A gateway to the strategies, policies, programs and services delivered by the Department of Health and Human Services.
2019 saw the start of a collaboration between Healthy Tasmania and Neighbourhood Houses Tasmania in the Active Living Challenge. Twenty-five houses took up the challenge and completed creative community projects to encourage community members to get active.
Phoenix Community House supported 42 King Island families to complete their learn to swim and aqua fit programs. The Active Living Challenge enabled the purchase of essential equipment and classes were fully-booked.
One parent said: “PCH Learn to Swim has done an amazing job with Maggie, she now has the confidence in the water and loves swimming.”
“Living on an island, swimming is vital for our community, not just in terms of recreation but survival. We are very thankful to have our children protected while having a lot of fun in the water,” another parent said.
Phoenix Community House project co-ordinator Beth Rosser with swim class.
Goodwood Football Club was established in 2018 by families who wanted to provide their young children with a chance to participate in organised sport.
Goodwood Community Centre supported the children’s love of sport by providing uniforms to enable them to play in the Northern Suburbs Junior Football Association competition.
Although currently suspended due to COVID-19, we will see children can take to the field in style in coming seasons thanks to the grant for uniforms.
Goodwood Football Club players in their new uniforms
There were some very excited children last Christmas who received a bike and safety equipment after winning a competition held by Devonport Community House (DCH).
The two children and six adults who received bikes, through the Active Living Challenge, participated in a bike maintenance workshop so they could look after their new wheels.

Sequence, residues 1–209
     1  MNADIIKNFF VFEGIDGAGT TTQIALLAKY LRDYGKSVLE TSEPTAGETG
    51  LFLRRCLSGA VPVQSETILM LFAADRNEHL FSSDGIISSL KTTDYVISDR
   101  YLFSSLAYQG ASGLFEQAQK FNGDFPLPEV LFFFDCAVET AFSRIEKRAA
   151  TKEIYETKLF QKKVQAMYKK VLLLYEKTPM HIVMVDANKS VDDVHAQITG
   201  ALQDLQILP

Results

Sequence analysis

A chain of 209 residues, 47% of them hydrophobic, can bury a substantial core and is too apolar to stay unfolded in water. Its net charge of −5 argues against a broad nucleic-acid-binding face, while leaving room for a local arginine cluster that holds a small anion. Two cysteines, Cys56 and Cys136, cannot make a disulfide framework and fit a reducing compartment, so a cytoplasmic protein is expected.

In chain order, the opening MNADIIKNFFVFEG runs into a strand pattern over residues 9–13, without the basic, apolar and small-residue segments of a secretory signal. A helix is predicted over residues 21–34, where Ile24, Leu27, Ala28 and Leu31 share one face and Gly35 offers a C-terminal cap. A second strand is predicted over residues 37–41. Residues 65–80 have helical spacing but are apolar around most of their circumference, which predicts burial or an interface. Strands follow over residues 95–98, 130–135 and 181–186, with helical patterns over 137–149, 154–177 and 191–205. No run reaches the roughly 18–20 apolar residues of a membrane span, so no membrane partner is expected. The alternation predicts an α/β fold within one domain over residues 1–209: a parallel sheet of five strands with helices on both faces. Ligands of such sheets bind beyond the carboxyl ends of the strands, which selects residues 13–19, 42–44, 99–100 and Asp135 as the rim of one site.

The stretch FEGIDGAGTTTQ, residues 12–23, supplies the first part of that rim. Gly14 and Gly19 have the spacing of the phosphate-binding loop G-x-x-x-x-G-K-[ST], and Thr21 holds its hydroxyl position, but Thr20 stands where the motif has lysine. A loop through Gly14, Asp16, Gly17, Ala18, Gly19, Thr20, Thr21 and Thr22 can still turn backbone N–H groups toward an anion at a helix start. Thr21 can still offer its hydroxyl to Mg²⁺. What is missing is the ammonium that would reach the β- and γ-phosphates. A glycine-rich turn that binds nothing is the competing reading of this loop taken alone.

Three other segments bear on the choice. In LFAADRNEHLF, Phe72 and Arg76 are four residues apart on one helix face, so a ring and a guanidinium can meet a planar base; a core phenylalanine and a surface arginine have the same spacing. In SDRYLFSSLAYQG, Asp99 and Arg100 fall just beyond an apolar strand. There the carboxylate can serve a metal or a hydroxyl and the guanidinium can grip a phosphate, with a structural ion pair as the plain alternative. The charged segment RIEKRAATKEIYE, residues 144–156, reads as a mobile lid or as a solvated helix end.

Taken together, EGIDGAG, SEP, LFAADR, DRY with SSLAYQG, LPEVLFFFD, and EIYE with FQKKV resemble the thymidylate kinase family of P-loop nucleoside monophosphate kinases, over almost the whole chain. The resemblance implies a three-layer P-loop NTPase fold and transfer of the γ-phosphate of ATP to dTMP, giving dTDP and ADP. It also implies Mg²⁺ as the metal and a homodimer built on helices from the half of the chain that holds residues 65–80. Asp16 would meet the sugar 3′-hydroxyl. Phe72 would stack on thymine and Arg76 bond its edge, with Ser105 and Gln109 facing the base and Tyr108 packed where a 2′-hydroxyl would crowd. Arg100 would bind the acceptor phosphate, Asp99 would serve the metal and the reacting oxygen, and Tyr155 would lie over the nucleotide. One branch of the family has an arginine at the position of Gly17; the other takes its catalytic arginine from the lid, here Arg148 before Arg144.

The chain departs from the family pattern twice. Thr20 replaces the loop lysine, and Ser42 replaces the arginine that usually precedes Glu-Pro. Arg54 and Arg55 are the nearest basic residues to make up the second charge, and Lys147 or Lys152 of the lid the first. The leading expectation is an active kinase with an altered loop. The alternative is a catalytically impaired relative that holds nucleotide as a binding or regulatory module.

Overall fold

These bikes enabled community members to get active and to cycling to local services, overcoming limited public transport.
DCH hosted an event at a local park, where they awarded the bikes. This event also provided opportunities to discuss ways to overcome safety issues with council staff such as inclusion of a ‘road safety bike trail’ in the park. This is now a project idea being further developed with council and other service providers.
Devonport Community House bicycle winners
The Bucaan walking group enjoyed healthy catering following their walks last year to places including Risdon Brook Dam, Bagdad and Pontville. The Active Living Challenge helped provide walking poles to loan for walks, and subsidised bus trips and lunches. This enabled more seniors to get out and get active.
The community garden at Bucaan Community House continues to attract new participants.
Fruit and vegetable production continues to increase as do social opportunities. The Active Living Challenge helps buy new equipment to use in the garden. Fresh produce was shared among gardeners and enjoyed by all at the weekly community barbecues.
Bucaan Walking Group gatherings